#8 – Utah
It’s safe to say that Utah is sick and tired of it’s residents being killed by drunk drivers. Utah now suspends a first-offender’s drivers license for 120 days, hands those convicted a hefty fine, confiscates the driver’s vehicle, and requires a minimum jail sentence of two days in jail for all that are convicted of the offense.
#7 – Connecticut
Connecticut law terms the drunk driving offense as “Operating Under the Influence” or an “OUI”. An OUI in Connecticut is no laughing matter. For 1st-time offenders, the fines aren’t too extreme. A first offense may cost you a pretty penny, but chances are you will skip out of any jail time. However, commit an OUI a second time and you’re screwed. Second-time offenders are handed a minimum of 120 days in the slammer!
#6 – Nebraska
If you get a DUI in this state, it may be a good idea to either quit drinking completely or to move to another state if you think there’s the slightest chance that you may get another DUI. For your first DUI offense in Nebraska, you’re looking at a 90 day license suspension, a $500 fine, and a week in jail. But, here’s the real kicker – if you get caught driving under the influence in the State of Nebraska a second time within 15 years of receiving your first DUI, it will count as you second offense (most states only have a 5 to 7 year period where they look back to your last offense). Second-time offenders get slapped with a 30-day jail sentence.
#5 – Kansas
Even though it seems most all of the roads in the State of Kansas are straight and flat, this state doesn’t think twice about sticking it to drunk drivers. Kansas profits fairly well off of drunk drivers by slapping fines upon fines, upon costs, upon fines on it’s drunk driving criminals. For a first offense in Kansas, you can expect it to cost you at least $2,000 – $3,000 after paying all court costs, fines, reinstatement fees, interlock device costs, etc. You will also get to spend a couple days in the klinker. Do it a second time and your fines rise exponentially, while also receiving a 90 day sentence.
#4 – Oklahoma
Oklahoma’s DUI penalties have consistently grown worse over the last couple of decades. First timers receive a minimum 10 day jail sentence and a 180-day driver’s license suspension. Anybody that receives a consecutive charge within a 10-year period will be charged with a felony.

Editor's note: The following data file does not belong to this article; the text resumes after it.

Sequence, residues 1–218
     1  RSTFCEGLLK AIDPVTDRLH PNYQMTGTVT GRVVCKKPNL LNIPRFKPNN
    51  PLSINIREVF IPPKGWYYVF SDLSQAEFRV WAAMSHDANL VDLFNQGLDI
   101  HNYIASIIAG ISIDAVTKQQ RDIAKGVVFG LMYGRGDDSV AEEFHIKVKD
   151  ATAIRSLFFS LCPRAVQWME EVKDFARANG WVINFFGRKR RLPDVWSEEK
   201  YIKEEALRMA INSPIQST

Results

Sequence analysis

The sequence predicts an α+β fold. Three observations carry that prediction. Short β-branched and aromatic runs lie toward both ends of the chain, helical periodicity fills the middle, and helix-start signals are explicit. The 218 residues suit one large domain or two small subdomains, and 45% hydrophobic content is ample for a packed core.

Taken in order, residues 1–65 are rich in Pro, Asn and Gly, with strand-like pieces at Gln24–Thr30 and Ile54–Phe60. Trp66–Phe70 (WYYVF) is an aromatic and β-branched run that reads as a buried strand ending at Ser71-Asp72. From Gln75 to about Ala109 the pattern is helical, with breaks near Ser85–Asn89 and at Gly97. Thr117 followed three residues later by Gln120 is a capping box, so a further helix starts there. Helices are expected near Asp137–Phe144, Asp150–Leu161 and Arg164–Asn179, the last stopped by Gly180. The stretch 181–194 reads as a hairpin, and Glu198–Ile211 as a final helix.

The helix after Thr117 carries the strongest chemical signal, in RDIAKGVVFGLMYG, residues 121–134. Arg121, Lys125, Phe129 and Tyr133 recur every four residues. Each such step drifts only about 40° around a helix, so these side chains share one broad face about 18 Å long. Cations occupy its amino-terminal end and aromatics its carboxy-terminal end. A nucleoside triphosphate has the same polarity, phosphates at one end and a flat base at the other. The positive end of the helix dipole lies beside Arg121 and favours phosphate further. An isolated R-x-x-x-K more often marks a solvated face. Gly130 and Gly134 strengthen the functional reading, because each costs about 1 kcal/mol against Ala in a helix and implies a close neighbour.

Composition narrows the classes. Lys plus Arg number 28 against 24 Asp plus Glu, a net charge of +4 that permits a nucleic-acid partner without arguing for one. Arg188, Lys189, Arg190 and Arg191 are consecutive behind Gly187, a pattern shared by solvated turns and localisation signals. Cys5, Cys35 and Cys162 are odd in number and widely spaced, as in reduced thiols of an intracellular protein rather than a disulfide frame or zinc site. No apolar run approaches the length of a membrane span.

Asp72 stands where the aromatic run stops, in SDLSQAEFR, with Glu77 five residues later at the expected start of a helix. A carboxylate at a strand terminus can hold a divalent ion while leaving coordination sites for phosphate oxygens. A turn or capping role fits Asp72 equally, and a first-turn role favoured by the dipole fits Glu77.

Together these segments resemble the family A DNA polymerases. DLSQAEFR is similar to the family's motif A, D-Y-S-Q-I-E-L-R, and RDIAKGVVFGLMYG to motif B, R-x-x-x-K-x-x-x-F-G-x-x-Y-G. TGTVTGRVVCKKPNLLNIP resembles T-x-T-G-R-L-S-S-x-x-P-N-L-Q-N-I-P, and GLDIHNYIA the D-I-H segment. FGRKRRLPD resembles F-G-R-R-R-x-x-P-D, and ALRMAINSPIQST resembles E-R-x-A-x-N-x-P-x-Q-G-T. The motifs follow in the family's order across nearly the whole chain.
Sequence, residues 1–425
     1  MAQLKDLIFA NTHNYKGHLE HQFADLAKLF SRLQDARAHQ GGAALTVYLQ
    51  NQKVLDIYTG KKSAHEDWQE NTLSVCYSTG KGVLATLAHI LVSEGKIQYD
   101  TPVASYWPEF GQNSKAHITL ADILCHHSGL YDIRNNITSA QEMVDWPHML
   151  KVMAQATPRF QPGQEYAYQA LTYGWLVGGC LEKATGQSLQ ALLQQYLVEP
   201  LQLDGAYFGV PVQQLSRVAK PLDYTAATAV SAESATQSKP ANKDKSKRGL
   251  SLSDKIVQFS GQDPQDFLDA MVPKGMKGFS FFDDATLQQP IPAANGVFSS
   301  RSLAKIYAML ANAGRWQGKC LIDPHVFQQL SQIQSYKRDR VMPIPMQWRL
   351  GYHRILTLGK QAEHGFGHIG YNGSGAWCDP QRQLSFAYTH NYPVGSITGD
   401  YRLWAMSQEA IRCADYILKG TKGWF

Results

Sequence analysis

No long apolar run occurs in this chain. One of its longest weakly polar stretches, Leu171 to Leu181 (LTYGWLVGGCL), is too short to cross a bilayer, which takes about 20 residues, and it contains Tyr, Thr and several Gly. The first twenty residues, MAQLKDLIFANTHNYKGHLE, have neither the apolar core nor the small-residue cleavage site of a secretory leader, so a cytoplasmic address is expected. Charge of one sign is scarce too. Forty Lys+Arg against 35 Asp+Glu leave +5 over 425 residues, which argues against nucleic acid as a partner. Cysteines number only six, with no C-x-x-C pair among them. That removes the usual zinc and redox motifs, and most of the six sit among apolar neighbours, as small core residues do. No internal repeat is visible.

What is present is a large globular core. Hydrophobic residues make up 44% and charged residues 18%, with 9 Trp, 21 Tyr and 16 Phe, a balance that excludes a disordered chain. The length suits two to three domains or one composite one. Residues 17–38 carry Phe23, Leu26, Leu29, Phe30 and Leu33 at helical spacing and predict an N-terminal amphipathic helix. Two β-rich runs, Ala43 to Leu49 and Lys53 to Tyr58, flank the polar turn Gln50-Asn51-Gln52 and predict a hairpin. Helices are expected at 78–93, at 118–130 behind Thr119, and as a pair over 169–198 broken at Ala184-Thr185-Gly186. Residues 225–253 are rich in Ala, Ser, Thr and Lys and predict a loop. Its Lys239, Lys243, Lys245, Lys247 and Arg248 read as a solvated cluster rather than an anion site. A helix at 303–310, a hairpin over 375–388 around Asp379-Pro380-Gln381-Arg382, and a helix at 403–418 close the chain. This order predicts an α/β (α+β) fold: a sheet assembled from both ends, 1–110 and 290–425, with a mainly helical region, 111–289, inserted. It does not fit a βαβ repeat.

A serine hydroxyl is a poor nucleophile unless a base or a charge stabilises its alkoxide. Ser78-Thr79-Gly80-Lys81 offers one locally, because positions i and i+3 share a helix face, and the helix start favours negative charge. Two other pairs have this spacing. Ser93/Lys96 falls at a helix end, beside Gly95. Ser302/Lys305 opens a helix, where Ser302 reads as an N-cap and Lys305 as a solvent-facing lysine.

#3 – Alaska
The state of Alaska puts DUI offenders in a whole world of hurt, beginning with their first offense. First-time offenders get a mandatory three days in jail, license suspension of 90 days, fines, court costs, etc. Getting your license back is also a hell of a process since the state requires that you undergo vision testing, written driver’s tests, and another road test. Get a 2nd DUI (within a 15-year period) and your license will be suspended for an entire year.
#2 – Georgia
Most Georgians that receive a DUI learn their lesson these days. A first DUI offense in the State of Georgia comes with a 10 day minimum jail sentence and a full year driver’s license suspension, and all of the other good stuff such as alcohol classes, tons of fines, etc. Second offenses within a 15-year period receive a 90-day jail sentence and a 3-year license suspension.
#1 – Arizona
The state of Arizona has always taken great pride in being the strictest state when it comes to drunk driving. In fact, Maricopa County had a huge outdoor jail facility just for drunk drivers (often referred to as “Tent City” because inmates were forced to sleep outside in the hot weather in tents).
First time DUI offenses come with a mandatory 10-day jail sentence, at least $1,500 in fines and costs, a 90-day license suspension, possible vehicle confiscation, and more! The state also has a separate DUI classifications termed as “Extreme DUI” and “Super-Extreme DUIs”. These classifications are dependent on blood alcohol content and other factors and could land you up to 90 days in jail for your first offense.